Down on the farm: OK-let's face the reality: Our subscribers are not normal-at least when it comes to their eating habits. After all, what can you say about people (at our Open House) who were so excited about the Brussels sprouts that many chose to walk several hundred feet extra to pay a personal visit to those tiny cabbages?
And now another exciting milestone is coming up this week-endive and escarole are ready. These two are actually chicories, most of which have a bitter taste to most of us. (See what I mean? What kind of silly people look forward to paying extra money to eat BITTER greens!) Some heads of both have reached harvest size-the endive is a little farther along. But, knowing south Florida weather as we all do, I am afraid to let either of them go another week. If the weather gets very warm-and especially if there is rain or even just humidity-some tiny, but vicious, plant pathogens will decide that they want to eat these leaves more than we do, and the crops will soon be gone. So far there is just a little tip burn on the leaf edges of some escarole, but it appears to be the kind that's caused by getting a little dry, rather than by a pathogen. (And by the way-we here at the farm are all so thankful that you weird vegetable connoisseurs found us!)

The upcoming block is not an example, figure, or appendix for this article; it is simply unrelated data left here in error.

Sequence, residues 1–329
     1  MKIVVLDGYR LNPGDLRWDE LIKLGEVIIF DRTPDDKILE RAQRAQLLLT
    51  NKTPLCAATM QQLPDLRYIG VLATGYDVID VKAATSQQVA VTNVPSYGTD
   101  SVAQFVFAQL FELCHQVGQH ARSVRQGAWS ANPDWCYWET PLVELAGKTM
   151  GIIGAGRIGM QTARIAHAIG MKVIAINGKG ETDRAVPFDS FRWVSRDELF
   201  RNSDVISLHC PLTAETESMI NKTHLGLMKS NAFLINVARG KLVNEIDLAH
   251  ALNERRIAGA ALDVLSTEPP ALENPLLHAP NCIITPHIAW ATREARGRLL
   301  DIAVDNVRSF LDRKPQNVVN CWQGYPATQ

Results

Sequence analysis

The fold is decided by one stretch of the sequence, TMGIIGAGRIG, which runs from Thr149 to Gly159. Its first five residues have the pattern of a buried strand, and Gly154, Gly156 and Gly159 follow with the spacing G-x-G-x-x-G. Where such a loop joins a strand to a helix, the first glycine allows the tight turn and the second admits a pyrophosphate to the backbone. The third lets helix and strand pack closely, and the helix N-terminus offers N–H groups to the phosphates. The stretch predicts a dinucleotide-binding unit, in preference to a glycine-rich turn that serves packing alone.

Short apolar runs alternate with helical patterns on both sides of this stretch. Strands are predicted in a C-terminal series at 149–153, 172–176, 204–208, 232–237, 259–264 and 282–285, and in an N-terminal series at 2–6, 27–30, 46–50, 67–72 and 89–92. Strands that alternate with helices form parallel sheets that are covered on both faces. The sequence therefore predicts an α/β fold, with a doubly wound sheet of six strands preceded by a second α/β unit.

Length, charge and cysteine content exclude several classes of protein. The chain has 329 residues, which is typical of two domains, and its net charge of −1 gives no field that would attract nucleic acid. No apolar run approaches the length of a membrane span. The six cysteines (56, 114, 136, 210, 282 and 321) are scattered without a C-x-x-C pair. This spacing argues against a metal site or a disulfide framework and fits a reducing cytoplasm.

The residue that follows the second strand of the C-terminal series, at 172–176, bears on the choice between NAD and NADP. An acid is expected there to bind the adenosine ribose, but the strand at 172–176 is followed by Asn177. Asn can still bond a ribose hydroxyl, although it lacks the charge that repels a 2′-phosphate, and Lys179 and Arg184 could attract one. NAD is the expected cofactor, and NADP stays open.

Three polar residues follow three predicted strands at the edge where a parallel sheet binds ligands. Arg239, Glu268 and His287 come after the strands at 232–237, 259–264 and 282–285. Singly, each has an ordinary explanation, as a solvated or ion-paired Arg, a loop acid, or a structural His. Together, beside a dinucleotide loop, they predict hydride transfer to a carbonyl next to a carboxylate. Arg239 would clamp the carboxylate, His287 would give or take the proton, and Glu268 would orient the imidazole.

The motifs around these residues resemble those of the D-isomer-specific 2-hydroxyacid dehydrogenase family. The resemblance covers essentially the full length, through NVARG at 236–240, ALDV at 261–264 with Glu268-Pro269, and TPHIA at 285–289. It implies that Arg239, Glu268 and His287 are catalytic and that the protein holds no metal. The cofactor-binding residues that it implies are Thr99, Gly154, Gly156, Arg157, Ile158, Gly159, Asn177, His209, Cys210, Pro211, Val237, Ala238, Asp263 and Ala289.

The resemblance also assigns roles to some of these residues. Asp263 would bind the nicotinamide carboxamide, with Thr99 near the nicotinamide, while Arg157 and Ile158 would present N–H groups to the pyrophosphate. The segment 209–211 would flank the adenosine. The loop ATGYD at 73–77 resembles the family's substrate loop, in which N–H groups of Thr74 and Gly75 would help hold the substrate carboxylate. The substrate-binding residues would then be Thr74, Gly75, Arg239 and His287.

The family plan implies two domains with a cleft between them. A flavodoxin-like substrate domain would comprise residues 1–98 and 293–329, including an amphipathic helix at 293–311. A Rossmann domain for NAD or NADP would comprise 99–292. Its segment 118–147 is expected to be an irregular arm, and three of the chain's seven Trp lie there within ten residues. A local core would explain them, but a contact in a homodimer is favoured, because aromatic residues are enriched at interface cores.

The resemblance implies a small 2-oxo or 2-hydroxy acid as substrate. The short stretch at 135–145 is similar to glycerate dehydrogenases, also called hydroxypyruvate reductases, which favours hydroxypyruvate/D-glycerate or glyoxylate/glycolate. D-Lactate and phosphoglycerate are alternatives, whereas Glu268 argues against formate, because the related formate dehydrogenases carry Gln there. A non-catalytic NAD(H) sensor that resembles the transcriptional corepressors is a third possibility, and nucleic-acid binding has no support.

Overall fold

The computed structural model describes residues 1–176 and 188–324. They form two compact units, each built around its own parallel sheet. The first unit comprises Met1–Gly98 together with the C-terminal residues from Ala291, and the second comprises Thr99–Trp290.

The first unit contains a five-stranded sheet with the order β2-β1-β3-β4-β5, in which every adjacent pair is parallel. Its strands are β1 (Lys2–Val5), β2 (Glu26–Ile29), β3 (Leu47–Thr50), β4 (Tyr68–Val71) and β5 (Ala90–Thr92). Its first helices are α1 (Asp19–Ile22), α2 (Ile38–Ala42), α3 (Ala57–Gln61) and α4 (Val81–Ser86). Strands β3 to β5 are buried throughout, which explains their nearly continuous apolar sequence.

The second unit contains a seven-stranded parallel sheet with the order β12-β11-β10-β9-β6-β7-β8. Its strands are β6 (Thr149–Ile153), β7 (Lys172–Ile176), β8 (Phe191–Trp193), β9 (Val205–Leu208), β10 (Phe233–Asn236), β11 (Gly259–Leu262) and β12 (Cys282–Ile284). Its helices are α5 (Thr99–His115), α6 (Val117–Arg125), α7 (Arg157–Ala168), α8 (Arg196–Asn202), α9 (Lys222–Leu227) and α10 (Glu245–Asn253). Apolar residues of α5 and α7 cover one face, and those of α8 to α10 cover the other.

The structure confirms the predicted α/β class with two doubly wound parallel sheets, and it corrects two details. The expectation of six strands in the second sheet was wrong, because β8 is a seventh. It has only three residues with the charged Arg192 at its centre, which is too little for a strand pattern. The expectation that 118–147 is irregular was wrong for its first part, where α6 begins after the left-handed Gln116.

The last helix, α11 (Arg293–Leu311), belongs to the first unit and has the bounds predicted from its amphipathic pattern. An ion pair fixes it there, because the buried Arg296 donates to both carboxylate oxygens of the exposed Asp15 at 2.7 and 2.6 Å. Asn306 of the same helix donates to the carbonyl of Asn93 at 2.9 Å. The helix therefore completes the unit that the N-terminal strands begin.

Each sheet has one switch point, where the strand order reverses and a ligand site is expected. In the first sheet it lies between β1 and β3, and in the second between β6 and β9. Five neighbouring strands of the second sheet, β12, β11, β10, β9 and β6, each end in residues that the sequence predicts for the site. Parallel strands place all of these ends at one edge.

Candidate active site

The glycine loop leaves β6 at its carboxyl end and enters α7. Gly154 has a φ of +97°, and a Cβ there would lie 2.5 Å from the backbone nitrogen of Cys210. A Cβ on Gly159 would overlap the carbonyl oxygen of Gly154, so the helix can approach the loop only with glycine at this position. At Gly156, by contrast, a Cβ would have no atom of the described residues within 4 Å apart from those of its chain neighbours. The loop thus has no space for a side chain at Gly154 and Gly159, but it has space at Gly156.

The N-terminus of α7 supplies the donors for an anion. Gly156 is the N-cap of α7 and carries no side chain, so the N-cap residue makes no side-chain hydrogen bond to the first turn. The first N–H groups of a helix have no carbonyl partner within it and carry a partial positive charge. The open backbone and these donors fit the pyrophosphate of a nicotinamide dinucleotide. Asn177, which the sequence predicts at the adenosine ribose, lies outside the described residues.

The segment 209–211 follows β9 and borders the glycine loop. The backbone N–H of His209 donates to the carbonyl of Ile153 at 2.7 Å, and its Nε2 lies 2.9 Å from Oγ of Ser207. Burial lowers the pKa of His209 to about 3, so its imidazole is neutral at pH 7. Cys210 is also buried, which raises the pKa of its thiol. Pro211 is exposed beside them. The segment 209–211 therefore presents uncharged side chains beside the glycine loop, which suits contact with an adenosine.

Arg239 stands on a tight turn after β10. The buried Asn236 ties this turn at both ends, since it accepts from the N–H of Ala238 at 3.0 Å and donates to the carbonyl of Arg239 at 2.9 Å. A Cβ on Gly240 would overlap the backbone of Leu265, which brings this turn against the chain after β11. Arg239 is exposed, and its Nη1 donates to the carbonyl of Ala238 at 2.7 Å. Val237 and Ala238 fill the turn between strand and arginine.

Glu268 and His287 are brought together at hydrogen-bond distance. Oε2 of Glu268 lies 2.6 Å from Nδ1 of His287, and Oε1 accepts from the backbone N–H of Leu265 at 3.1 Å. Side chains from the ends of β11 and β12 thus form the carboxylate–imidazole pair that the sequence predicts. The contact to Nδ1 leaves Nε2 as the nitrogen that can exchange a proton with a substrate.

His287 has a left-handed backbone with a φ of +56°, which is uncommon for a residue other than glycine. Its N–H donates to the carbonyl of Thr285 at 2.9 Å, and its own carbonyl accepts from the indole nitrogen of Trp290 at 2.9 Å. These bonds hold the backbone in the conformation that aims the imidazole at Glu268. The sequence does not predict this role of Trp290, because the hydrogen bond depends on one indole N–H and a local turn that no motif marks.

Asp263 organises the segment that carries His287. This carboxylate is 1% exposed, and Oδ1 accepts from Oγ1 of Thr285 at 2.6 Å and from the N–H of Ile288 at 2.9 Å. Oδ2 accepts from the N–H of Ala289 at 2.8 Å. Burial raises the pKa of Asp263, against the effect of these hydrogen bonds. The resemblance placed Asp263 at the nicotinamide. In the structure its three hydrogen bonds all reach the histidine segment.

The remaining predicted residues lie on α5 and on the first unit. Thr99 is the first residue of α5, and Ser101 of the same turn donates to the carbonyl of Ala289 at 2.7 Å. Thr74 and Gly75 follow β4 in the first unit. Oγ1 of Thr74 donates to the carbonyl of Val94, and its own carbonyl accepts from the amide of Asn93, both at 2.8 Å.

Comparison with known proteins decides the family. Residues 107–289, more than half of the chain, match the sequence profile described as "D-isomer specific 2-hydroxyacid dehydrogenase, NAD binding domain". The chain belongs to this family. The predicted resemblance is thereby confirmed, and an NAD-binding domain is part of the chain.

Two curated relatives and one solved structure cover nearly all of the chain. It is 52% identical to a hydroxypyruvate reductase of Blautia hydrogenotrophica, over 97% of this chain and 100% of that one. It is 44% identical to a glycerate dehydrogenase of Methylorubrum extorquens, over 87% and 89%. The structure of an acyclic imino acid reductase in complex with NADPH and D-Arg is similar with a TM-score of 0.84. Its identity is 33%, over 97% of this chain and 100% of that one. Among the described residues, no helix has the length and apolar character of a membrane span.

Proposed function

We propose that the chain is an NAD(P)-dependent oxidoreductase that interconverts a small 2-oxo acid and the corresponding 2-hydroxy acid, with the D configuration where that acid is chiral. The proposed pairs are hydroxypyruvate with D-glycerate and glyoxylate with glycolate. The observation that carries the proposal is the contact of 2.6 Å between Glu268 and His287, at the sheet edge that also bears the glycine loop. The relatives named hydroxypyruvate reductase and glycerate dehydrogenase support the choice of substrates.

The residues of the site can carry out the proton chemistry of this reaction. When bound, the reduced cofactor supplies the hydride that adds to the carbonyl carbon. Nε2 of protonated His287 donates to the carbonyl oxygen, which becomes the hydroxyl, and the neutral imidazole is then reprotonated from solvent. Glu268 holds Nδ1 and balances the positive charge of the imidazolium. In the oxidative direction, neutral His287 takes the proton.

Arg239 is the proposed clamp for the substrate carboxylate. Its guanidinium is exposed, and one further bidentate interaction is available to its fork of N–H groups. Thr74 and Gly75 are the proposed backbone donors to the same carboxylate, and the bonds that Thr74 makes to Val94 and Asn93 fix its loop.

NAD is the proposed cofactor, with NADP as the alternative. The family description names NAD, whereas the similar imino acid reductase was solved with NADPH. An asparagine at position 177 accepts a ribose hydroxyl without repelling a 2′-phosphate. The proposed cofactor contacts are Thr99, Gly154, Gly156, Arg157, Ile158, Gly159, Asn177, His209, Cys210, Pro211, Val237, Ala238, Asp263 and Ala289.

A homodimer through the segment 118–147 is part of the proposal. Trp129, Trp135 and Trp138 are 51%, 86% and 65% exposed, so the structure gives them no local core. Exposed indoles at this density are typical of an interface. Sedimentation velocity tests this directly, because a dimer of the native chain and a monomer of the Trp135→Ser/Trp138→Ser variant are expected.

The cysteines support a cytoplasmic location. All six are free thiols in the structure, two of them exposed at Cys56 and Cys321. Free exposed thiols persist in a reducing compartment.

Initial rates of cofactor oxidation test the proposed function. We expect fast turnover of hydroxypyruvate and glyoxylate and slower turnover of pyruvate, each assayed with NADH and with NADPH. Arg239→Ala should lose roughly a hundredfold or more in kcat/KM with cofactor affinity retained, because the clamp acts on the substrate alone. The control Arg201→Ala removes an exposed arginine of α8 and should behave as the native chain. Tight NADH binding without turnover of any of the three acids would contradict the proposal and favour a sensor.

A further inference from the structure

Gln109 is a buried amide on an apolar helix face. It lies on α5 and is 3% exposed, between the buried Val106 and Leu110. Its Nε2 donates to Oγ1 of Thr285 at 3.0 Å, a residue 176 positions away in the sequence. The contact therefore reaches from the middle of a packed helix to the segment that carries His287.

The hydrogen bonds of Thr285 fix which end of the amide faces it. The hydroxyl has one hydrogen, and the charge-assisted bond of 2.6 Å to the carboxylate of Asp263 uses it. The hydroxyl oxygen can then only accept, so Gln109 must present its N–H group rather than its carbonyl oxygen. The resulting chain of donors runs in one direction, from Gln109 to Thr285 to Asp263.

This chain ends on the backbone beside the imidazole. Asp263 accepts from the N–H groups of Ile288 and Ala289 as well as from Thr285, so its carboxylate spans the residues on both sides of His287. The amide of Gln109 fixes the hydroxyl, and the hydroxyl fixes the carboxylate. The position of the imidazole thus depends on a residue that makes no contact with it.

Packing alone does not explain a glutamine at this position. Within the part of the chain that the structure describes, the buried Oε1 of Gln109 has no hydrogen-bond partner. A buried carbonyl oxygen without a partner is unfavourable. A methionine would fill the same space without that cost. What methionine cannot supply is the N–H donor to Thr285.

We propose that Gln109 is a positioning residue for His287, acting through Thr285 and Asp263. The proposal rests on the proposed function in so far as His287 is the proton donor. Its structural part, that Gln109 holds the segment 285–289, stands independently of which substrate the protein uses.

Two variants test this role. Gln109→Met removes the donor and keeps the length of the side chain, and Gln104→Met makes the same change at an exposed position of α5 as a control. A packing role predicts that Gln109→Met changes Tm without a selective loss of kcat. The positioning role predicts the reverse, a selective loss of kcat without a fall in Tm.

An interesting fact: half our list this week is crops from the mustard family: broccoli and cauliflower, bok choy, radishes, turnips, and arugula. They can also be called brassicas, cole crops, crucifers, or the cabbage family. Like many vegetables, they contain vitamin C, minerals such as potassium and magnesium, and fiber. However, what makes this plant family unique are the amounts of sulfur containing compounds in them: isothiocyanates and indoles. There is some evidence that these chemicals can kill some cancer cells.
But, guess what? In various concentrations, they can kill a lot of living things. So, they can be used in a process called biofumigation. For vegetable growers this means, instead of buying a soil fumigant that is produced in a chemical manufacturing plant, we can harness and concentrate natural soil processes and chemicals to help them kill plant pathogens, nematodes, and/or weed seeds in the soil.